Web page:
Portrait: A portrait is a painting, photograph, sculpture, or other artistic representation of a person, in which the face and its expression is predominant. The intent is to display the likeness, personality, and even the mood of the person. For this reason, in photography a portrait is generally not a snapshot, but a composed image of a person in a still position. A portrait often shows a person looking directly at the painter or photographer, in order to most successfully engage the subject with the viewer.
Post-Impressionism: Post-Impressionism is the term coined by the British artist and art critic Roger Fry in 1914, to describe the development of European art since Monet (Impressionism). Post-Impressionism was both an extension of Impressionism and a rejection of its limitations. Post-Impressionists continued using vivid colours, thick application of paint, distinctive brushstrokes and real-life subject matter, but they were more inclined to emphasize geometric forms, to distort form for expressive effect, and to use unnatural or arbitrary colour. The Post-Impressionists were dissatisfied with the triviality of subject matter and the loss of structure in Impressionist paintings, though they did not agree on the way forward. Georges Seurat and his followers concerned themselves with Pointillism, the systematic use of tiny dots of colour. Paul Cézanne set out to restore a sense of order and structure to painting. He achieved this by reducing objects to their basic shapes while retaining the bright fresh colours of Impressionism. Vincent Van Gogh used colour and vibrant swirling brush strokes to convey his feelings and his state of mind. Although they often exhibited together, they were not a cohesive movement. They worked in geographically disparate regions and in various stylistic categories, such as Fauvism and Cubism. Post-Impressionism is very important in France's artistic history.
Post-painterly Abstraction: Post-painterly Abstraction is a term created by art critic Clement Greenberg as the title for an exhibit he curated for the Los Angeles County Museum of Art in 1964, which subsequently travelled to the Walker Art Center and the Art Gallery of Ontario in Toronto. Greenberg had perceived that there was a new movement in painting which derived from the Abstract Expressionism of the 1940s and 1950s but "favored openness or clarity" as opposed to the dense painterly surfaces of that painting style. The 31 artists in the exhibition included Walter Darby Bannard, Jack Bush, Gene Davis, Thomas Downing, Friedel Dzubas, Sam Francis, Helen Frankenthaler, Al Held, Ellsworth Kelly, Nicholas Krushenick, Alexander Liberman, Morris Louis, Howard Mehring, Kenneth Noland, Jules Olitski, Frank Stella and a number of other American and Canadian artists who were becoming well known in the 1960s. As painting continued to move in different directions, powered by the spirit of innovation of the time, the term "Post-painterly Abstraction", which had obtained some currency in the 1960s, was gradually supplanted by "Minimalism", "Hard-edge painting", "Lyrical Abstraction" and "Color Field Painting".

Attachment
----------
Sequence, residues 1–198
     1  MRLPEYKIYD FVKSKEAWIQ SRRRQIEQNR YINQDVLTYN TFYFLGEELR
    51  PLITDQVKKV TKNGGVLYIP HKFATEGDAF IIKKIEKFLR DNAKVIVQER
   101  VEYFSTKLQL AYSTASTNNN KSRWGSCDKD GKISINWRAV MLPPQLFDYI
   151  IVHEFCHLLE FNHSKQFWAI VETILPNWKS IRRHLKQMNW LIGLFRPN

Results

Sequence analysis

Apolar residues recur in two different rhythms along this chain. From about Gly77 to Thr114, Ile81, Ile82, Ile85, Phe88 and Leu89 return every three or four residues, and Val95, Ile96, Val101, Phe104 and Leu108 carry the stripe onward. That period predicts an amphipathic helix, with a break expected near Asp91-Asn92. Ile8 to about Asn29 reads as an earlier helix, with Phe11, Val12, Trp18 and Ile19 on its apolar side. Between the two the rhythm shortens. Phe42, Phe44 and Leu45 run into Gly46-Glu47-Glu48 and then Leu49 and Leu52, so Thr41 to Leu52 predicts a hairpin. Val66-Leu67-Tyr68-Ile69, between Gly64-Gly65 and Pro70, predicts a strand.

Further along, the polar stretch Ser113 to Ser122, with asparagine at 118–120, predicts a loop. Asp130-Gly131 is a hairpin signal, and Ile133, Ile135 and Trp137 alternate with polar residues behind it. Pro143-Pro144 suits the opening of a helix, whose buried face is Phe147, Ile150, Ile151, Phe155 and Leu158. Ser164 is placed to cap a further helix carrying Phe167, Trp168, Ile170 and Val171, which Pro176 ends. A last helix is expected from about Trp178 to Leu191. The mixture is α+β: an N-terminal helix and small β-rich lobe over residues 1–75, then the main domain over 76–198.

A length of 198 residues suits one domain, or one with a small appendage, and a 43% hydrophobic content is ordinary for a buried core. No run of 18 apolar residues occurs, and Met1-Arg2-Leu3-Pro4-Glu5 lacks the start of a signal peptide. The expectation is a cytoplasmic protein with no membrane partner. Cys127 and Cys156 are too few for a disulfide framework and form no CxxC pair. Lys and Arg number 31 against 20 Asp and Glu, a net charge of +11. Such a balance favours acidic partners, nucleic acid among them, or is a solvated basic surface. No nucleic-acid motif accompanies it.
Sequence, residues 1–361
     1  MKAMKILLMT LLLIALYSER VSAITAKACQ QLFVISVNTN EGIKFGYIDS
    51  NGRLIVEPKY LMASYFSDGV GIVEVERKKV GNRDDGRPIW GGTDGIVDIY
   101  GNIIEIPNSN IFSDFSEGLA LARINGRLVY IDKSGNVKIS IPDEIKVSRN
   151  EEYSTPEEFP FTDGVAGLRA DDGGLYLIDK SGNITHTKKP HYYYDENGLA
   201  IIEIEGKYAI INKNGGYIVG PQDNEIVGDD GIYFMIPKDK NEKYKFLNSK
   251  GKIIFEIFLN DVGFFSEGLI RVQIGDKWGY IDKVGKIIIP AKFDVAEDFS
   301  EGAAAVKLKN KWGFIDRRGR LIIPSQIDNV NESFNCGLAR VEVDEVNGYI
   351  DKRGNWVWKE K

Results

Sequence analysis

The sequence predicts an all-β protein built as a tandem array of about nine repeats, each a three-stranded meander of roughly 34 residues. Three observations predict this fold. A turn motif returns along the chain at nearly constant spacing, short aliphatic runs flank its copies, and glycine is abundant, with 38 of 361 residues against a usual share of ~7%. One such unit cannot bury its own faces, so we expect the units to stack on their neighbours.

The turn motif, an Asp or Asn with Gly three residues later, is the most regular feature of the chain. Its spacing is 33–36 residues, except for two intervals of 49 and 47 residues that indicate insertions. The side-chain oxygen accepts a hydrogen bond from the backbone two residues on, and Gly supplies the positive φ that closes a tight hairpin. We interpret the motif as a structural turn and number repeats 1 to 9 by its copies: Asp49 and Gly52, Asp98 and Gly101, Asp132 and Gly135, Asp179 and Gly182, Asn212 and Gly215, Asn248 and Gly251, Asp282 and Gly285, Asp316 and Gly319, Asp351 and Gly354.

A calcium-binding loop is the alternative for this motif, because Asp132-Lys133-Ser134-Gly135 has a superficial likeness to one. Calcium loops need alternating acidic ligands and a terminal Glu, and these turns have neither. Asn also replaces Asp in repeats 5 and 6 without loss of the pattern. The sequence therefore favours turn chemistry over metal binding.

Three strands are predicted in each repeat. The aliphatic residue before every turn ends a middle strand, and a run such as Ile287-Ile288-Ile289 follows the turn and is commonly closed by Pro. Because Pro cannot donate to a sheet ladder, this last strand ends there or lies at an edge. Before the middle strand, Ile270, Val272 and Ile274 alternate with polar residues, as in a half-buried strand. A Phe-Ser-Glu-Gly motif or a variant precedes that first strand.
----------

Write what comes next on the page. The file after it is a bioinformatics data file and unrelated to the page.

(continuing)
Pre-Raphaelites: The Pre-Raphaelite Brotherhood (also known as the Pre-Raphaelites) was a group of English painters, poets and critics, founded in 1848 by John Everett Millais, Dante Gabriel Rossetti and William Holman Hunt. The group's intention was to reform art by rejecting what they considered to be the mechanistic approach adopted by the Mannerist artists who followed Raphael and Michelangelo. They believed that the Classical poses and elegant compositions of Raphael in particular had been a corrupting influence on academic teaching of art. Hence the name "Pre-Raphaelite". In particular they objected to the influence of Sir Joshua Reynolds, the founder of the English Royal Academy of Arts. They called him "Sir Sloshua", believing that his broad technique was a sloppy and formulaic form of academic Mannerism. In contrast they wanted to return to the abundant detail, intense colours, and complex compositions of Quattrocento Italian and Flemish art. The Pre-Raphaelites have been considered the first avant-garde movement in art, though they have also been denied that status, because they continued to accept both the concepts of history painting and of mimesis, or imitation of nature, as central to the purpose of art. However, the Pre-Raphaelites undoubtedly defined themselves as a reform movement, created a distinct name for their form of art, and published a periodical, The Germ, to promote their ideas. Their debates were recorded in the Pre-Raphaelite Journal.